An uncritical brainwashed "authenticity" leads to a "deep cynicism." We see this in the self-made "Eckhart Tolle's (not his real name) silly, money-making 
The Power of Now (yes, I did read it... in one setting in a bookstore...    :(  

Sadly, a lot of church culture is marketing itself this way. Critchley and Webster write:

"When the values of Judeo-Christian morality have been given a monetary and psychological incarnation — as in credit, debt, trust, faith and fidelity — can they exist as values? Is the prosperous self the only God in which we believe in a radically inauthentic world?"

Ironically the uncritical zombielike (flesh-without-spirit) humanity of today is becoming more and more inauthentic in its none-ish staggering towards the Oz of the false self.

Identity, Community, and Freedom

Praying at Redeemer
We are loved unconditionally by God. This means there is no "If...  then" in God's love. God cannot not-love. God never thinks "If John performs well, then I will love him," or "If John fails, then I will withhold my love from him." I am "beloved" by God.

True Christian community is rooted in belovedness. In true community belovedness has become embodied. Belovedness is a triple helix wrapping people in a garment of love. This is so crucial, so central, that without this there will be chaos and conflict and competition and control. Without love, the community will be nothing.

1. Know that you are one of God's beloved sons or daughters.

2. Cultivate community on this truth.

Henri Nouwen writes:

"When we are aware that we are the beloved, and when we have friends around us with whom we live in community, we can do anything. We’re not afraid anymore. We’re not afraid to knock on the door while somebody is dying. We’re not afraid to open a discussion with a person who underneath all the glitter is much in need of ministry. We’re free." (Nouwen,  A Spirituality of Living, pp. 38-39)

My Book + Study Guide - Praying: Reflections on 40 Years of Solitary Conversations with God

My book Praying: Reflections on 40 Years of Solitary Conversations with God, in paperback HERE and HERE.

as a Kindle book HERE,

and hard cover HERE

I am writing a Study Guide to Praying for my book. This guide will not be published as a book, but will be available free as a Word file. It will be designed for groups who want to read and study my book together.

I expect to have the Study Guide finished by September 1.

If you would like a copy of the Study Guide please send me an email. I'll send it to you on (or close to) September 1, 2016.  My email address is: 


1– What Is Praying? 
2– Praying And The Nature Of God 
3– Praying As Relationship With God 
4– Praying Is Conferencing With God 
5– Praying And Listening 
6– Praying And Discernment
7– Praying For Myself 
8– Praying For Others 
9– Praying And Mono-Tasking 
10– Praying And Community 
11– Praying And The Kingdom 
12– Praying And Self-Denial 
13– Praying And Remembering 
14– Why I Pray 
15– The Need For Pray-Ers 
16– A Call To Praying 
17– Questions About Praying
18– Prayer And Death: A Note To My Dying Friends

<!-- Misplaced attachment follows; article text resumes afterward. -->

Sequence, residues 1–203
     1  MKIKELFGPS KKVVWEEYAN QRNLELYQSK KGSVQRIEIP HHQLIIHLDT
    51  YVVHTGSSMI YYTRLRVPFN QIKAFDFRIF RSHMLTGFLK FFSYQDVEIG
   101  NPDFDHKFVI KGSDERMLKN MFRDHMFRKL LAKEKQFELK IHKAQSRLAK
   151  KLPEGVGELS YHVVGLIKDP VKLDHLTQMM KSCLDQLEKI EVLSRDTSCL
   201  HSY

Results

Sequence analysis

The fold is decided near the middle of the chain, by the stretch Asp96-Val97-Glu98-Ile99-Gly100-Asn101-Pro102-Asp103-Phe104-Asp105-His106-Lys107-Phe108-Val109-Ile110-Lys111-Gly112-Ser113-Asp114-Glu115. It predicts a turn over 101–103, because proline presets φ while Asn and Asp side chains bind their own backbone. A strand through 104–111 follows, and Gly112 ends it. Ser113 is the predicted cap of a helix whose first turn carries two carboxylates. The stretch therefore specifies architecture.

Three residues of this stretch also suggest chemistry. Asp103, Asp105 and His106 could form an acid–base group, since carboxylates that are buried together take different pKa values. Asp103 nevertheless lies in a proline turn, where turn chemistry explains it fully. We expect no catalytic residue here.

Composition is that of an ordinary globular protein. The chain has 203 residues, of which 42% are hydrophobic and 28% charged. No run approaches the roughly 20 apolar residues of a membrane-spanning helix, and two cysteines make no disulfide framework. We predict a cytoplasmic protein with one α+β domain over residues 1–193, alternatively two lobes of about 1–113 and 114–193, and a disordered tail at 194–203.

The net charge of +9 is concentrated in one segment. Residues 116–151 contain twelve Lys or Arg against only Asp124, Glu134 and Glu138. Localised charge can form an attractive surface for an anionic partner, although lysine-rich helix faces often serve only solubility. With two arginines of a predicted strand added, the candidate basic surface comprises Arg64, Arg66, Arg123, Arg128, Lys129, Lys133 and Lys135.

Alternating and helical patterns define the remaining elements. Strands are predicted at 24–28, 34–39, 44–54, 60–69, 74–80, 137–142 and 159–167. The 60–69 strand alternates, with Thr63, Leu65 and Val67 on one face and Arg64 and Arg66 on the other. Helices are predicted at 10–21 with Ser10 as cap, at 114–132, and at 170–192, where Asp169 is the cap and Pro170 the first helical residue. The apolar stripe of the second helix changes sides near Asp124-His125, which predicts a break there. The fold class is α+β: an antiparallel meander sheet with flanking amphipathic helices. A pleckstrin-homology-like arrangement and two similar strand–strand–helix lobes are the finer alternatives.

Monday, August 22, 2016

Freedom From Two Illusions

Teaching in Eldoret, Kenya
When I was teaching in Eldoret, Kenya, I told the Kenyan and Ugandan pastors that the #1 thing they need to do is stay tight with God. Abide in Christ. Dwell in the shadow of the Almighty. Send roots to the river of God. Live, 24/7, in the fortress of God. 
That's what you need to do. That's what your people need you to do. Because what they need is not you, but God. They need "Christ in you, the hope of glory."

Dwell in God's presence and he will free you from the illusion of your indispensability. I told these African pastors that they are not needed by God. God is able to accomplish his purposes with or without them. But, God loves them and wants to use them. And he will, if they trust in him and abide in him.

We can't change other people. Only God can do that. So I told the pastors: "Today you can let go of your striving to change other people."

Some of them told me how novel and freeing this was. I added, "But God can change you."

The change happens as we hang tight with God. You cannot consistently nurture the "in Christ" relationship and remain unchanged. And, as a bonus, as you make God your Shepherd (in practice, not theory; viz., trust in him) he "restores your soul." So, you don't have to "work on your own self." Just step into God's presence, stay there, and the Restorer of Souls proceeds to strip away all that has covered over your soul to get to the original "in God's image" psuche.

The changes God works in you will not be just for you, but for others. This is called influence. W
hat God works in us can and will influence other people, by God's Spirit.

Be free of two illusions:

  1. The illusion of your indispensability
  2. The illusion that you can change people

Today, abide in Christ. As he speaks, obey. This is the place of all authentic spiritual formation.

The Ontological Argument (Video)

I'll present this argument in my first Philosophy of Religion class this Thursday.

Sunday, August 21, 2016

The Impracticality of Seeking Truth in Material Objects


I'm in agreement with this quote from Elliot Milco ("Christian Identity in the Workplace"):